Directions that executors should sell lands of which others were seised to the testator's use.
ou terres sont devisahles est, que on peut deviser que la terre sera vendu par executors, et ceo est bon, come est dit adevant, et est marveilous ley de raison: mes ceo est le nature d'un devis, et devise ad este use tout temps en tiel forme; et issint on aura loy-alment franktenement de cesty qui n'avoit rien, et en meme le rnaniere come on aura fire from flint ,et uncore nul fire est deins le flint: et ceo est pour performer le darrein volonte de le devisor." Paston. - "Une devis est marvellous en lui meme quand il peut prendre effect: car si on devise en Londres que ses executors ven-dront ses terres. et devie seisi; son heir est eins par descent, et encore par le vend des executors il sera ouste." See also Litt. s. 169.
(s) Perk. ss. 507, 528.
(t) Stat. 21 Hen. VIII. c. 4.
But, as we have seen (u), the passing of the Statute of Uses abolished for a time all wills of uses, until the Statute of Wills (x) restored them. When wills were restored, the uses, of which they had been accustomed to dispose, had been all turned into estates at law: and such estates then generally came, for the first time, within the operation of testamentary instruments. Under these circumstances, the courts of law, in interpreting wills, adopted the same lenient construction which had formerly been employed by themselves in the interpretation of customary devises, and also by the Court of Chancery in the construction of devises of the ancient use. The statute which, in the case of wills of uses, had given validity to sales made by the executors accepting the charge of the will, was extended, in its construction, to directions (now authorized to be made) for the sale by the executors of the legal estate, and also to cases where the legal estate was devised to the executors to be sold(y). Future estates at law were also allowed to be created by will, and were invested with the same important attribute of indestructibility which belongs to all executory interests. These future estates were called executory devises, and in some respects they appear to have been more favourably interpreted than shifting uses contained in deeds (z), though generally speaking their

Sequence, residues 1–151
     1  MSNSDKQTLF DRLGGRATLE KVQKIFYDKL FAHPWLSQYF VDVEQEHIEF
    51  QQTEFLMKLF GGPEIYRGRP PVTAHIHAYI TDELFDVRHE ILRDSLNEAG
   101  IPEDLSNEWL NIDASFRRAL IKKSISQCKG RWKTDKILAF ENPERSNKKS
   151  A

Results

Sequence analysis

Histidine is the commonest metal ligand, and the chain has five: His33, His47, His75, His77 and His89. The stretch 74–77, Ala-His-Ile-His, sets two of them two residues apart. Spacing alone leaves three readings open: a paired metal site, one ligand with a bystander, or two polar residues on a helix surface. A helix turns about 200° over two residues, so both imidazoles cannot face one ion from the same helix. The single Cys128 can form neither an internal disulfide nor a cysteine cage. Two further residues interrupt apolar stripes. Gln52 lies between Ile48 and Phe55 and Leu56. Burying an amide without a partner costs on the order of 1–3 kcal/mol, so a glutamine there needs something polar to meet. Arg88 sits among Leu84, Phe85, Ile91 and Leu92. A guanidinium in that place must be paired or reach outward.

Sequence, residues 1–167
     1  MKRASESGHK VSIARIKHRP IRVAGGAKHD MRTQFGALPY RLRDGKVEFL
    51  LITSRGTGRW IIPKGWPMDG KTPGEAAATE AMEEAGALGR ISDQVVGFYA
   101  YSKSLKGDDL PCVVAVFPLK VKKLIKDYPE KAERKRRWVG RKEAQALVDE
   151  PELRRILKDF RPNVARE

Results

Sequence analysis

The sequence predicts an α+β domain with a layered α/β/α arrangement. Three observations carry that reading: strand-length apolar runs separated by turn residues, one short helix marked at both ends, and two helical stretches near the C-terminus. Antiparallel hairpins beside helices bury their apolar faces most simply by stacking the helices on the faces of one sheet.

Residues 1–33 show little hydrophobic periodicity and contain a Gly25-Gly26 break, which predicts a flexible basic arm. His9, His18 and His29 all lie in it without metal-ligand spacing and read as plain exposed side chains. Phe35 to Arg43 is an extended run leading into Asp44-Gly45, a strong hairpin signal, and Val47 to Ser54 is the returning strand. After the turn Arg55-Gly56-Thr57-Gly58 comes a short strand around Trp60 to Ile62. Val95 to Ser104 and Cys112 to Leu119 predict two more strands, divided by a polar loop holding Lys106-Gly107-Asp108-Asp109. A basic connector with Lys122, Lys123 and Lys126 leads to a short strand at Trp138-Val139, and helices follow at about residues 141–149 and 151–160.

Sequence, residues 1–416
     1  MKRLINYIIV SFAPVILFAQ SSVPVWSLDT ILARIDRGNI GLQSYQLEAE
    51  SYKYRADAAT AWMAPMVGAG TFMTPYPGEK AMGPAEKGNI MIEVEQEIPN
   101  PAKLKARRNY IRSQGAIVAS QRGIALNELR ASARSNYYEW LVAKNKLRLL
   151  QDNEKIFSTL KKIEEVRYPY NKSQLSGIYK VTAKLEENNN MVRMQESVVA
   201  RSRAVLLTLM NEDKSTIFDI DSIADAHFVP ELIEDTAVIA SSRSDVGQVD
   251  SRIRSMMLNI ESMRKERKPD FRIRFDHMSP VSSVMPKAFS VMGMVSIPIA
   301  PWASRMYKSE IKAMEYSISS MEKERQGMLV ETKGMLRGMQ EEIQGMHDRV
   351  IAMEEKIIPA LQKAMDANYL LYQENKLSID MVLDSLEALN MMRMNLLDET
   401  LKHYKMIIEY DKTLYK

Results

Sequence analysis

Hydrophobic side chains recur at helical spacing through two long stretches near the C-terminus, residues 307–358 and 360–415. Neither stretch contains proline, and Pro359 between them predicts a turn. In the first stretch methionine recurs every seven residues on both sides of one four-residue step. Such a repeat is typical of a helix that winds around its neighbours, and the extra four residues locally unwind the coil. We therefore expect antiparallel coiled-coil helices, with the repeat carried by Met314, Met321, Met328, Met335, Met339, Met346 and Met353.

The Statute of Uses.
(u.) Ante, p. 195.
(x) 32 Hen. VIII. c. 1.
(y) Bonifaut v. Greenfield, Cro. Eliz. 80; Co. Litt. 113 a; see Mackintosh v. Barber, 1 Bing. 50.